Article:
Investing in stocks is one of the most profitable ways to build wealth over the long-term. However, it's impossible to guarantee big returns - not even big investors like Warren Buffett can do that. Stocks are an investment that represents part ownership in a corporation and entitles you to part of that corporation's assets and earnings.
Today, share ownership is usually recorded electronically, and the shares are held in street name by your brokerage firm.
For most people, stock market investing means choosing among these two investment types:
Stock (also called equity) mutual funds or exchange-traded funds. These mutual funds let you purchase small pieces of many different stocks in a single transaction. Index funds and ETFs track an index; for example, a Standard & Poor’s 500 fund replicates that index by buying the stock of the companies in it. When you invest in a fund, you also own small pieces of those companies. You can put several funds together to build a diversified portfolio.ETFs trade throughout the trading day, like stocks, while mutual funds trade only at the end of the day at the net asset value (NAV) price.
Individual stocks If you’re after a specific company, you can buy a single share or a few shares as a way to dip your toe into the stock-trading waters. Building a diversified portfolio out of many individual stocks is possible, but it takes a significant investment.
Preferred Stock vs. Common Stock
Being a shareholder gives you certain rights and benefits; for example the right to vote on company matters at the Annual General Meeting and the potential benefit of receiving dividend payments.
Shareholders have a claim on the company’s assets in the event of liquidation, but do not own the assets.
Holders of common stock have voting rights at shareholders’ meetings. They also have right to receive dividends if they are declared. Holders of preferred stock don’t have voting rights, but do receive preference in terms of the payment of any dividends over common shareholders. Therefore, preferred stockholders receive a fixed dividend from the company, while common shareholders may or may not receive one, depending on the decisions of the board of directors.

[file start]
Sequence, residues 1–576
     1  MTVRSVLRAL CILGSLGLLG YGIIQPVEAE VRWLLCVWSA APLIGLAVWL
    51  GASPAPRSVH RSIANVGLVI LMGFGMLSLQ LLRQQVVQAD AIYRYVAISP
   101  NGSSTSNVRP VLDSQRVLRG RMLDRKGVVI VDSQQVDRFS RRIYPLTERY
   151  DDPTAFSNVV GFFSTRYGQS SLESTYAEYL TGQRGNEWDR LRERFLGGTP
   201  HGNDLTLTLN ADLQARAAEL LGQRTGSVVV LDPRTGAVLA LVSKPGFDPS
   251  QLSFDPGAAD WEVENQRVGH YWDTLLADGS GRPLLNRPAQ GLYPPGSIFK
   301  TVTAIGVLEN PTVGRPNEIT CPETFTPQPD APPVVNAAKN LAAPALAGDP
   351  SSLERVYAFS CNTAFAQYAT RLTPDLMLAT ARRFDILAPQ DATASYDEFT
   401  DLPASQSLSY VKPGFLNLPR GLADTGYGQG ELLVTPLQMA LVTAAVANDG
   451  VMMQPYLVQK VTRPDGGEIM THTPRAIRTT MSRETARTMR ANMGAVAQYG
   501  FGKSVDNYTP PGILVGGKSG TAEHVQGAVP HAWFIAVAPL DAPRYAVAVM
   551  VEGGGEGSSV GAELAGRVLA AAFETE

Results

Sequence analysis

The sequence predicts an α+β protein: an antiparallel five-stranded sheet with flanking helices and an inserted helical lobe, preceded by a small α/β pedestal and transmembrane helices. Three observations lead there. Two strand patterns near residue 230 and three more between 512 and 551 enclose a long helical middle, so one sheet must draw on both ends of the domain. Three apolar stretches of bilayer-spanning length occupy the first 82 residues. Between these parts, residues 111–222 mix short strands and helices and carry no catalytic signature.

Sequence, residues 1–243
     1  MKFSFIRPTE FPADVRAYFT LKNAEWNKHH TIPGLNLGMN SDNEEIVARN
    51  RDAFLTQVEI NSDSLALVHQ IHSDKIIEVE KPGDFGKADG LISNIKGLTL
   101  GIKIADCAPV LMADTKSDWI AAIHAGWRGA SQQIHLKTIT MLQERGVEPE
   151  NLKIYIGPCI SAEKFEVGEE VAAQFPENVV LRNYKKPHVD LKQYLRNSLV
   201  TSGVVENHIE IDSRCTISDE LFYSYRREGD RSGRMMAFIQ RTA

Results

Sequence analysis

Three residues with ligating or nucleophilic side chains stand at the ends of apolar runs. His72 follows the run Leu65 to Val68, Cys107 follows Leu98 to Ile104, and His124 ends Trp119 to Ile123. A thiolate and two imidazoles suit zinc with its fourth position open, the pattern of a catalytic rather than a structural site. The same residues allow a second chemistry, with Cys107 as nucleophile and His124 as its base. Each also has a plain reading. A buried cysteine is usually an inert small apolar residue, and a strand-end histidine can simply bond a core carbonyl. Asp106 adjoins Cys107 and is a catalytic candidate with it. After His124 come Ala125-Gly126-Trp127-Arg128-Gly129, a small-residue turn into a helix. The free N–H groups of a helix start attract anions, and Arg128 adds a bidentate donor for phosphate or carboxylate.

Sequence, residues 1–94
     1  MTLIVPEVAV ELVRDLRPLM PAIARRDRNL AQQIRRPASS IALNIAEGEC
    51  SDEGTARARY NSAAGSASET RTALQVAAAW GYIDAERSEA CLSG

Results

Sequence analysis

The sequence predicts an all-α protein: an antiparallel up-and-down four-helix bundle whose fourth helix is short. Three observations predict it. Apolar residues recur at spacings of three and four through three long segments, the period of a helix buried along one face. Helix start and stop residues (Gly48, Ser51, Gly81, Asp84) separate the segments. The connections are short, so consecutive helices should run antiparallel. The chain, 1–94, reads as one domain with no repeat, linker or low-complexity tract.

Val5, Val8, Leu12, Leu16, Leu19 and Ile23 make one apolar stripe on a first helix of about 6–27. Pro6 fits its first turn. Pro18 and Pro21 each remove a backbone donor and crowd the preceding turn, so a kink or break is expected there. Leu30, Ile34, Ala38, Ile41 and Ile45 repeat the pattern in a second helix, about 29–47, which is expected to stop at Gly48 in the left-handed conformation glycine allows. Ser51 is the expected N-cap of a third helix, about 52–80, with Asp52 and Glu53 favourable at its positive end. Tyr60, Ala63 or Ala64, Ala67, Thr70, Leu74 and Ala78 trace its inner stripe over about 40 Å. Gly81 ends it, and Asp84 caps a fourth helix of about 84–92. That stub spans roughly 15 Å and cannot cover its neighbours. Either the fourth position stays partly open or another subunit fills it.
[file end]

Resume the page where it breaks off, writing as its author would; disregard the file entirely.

Holders of preferred stock also have a higher claim on company assets than holders of common stock. Holders of preferred stock typically get paid more, and even have a priority claim in case something bad happens, like bankruptcy.
Preferred prices tend to be steadier than regular stocks, thanks to their big dividends. They’re also inconvenient to buy individually, so investors often turn to funds like ETFs and CEFs (closed-end funds) as ways to buy 5%+ paying baskets of preferred shares.
Ownership is determined by the number of shares a person owns relative to the number of outstanding shares.
Imagine you wanted to start a restaurant with your friends. You decide you need $800,000 to get the business off the ground so you incorporate a new company.
You divide the company into 1,000 shares of stock. You price each new share of stock at $800. If you can sell all of the shares to your friends, you should have the $800,000 you need (1,000 shares x $800 contributed capital per share = $800,000 cash raised for the company).
If the store earned $70,000 after taxes during its first year, each share of stock would be entitled to 1/1,000th of the profit. You'd take $70,000 and divide it by 1,000, resulting in $70 earnings per share (or EPS, as it is often called on Wall Street). You could also call a meeting of the company's Board of Directors and decide whether you should use that money to pay out dividends, expand the company by reinvesting in the retail store, or repurchase some stock.
For example, you may decide you want to sell your shares of the family retailer. At some point, if the company is large enough, you could have an IPO (initial public offering), allowing you to sell your stock on a stock exchange or the over-the-counter market.